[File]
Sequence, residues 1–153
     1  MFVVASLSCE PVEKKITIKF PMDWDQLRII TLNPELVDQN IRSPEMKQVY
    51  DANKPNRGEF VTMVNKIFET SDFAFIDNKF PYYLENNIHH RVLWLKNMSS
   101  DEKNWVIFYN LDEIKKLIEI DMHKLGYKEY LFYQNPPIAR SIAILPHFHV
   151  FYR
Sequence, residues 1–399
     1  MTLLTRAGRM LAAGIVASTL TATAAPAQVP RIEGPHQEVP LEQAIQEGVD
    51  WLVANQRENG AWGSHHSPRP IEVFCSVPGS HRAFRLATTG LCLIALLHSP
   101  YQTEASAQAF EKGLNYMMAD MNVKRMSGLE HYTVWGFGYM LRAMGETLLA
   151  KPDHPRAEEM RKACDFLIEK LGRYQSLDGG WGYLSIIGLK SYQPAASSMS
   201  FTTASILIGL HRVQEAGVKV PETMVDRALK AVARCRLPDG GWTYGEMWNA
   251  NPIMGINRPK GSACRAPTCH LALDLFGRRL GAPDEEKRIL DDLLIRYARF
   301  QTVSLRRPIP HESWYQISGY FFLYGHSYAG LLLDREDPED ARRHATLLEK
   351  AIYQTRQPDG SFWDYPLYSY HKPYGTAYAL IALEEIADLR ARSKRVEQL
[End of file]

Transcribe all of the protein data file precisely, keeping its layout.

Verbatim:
Sequence, residues 1–153
     1  MFVVASLSCE PVEKKITIKF PMDWDQLRII TLNPELVDQN IRSPEMKQVY
    51  DANKPNRGEF VTMVNKIFET SDFAFIDNKF PYYLENNIHH RVLWLKNMSS
   101  DEKNWVIFYN LDEIKKLIEI DMHKLGYKEY LFYQNPPIAR SIAILPHFHV
   151  FYR
Sequence, residues 1–399
     1  MTLLTRAGRM LAAGIVASTL TATAAPAQVP RIEGPHQEVP LEQAIQEGVD
    51  WLVANQRENG AWGSHHSPRP IEVFCSVPGS HRAFRLATTG LCLIALLHSP
   101  YQTEASAQAF EKGLNYMMAD MNVKRMSGLE HYTVWGFGYM LRAMGETLLA
   151  KPDHPRAEEM RKACDFLIEK LGRYQSLDGG WGYLSIIGLK SYQPAASSMS
   201  FTTASILIGL HRVQEAGVKV PETMVDRALK AVARCRLPDG GWTYGEMWNA
   251  NPIMGINRPK GSACRAPTCH LALDLFGRRL GAPDEEKRIL DDLLIRYARF
   301  QTVSLRRPIP HESWYQISGY FFLYGHSYAG LLLDREDPED ARRHATLLEK
   351  AIYQTRQPDG SFWDYPLYSY HKPYGTAYAL IALEEIADLR ARSKRVEQL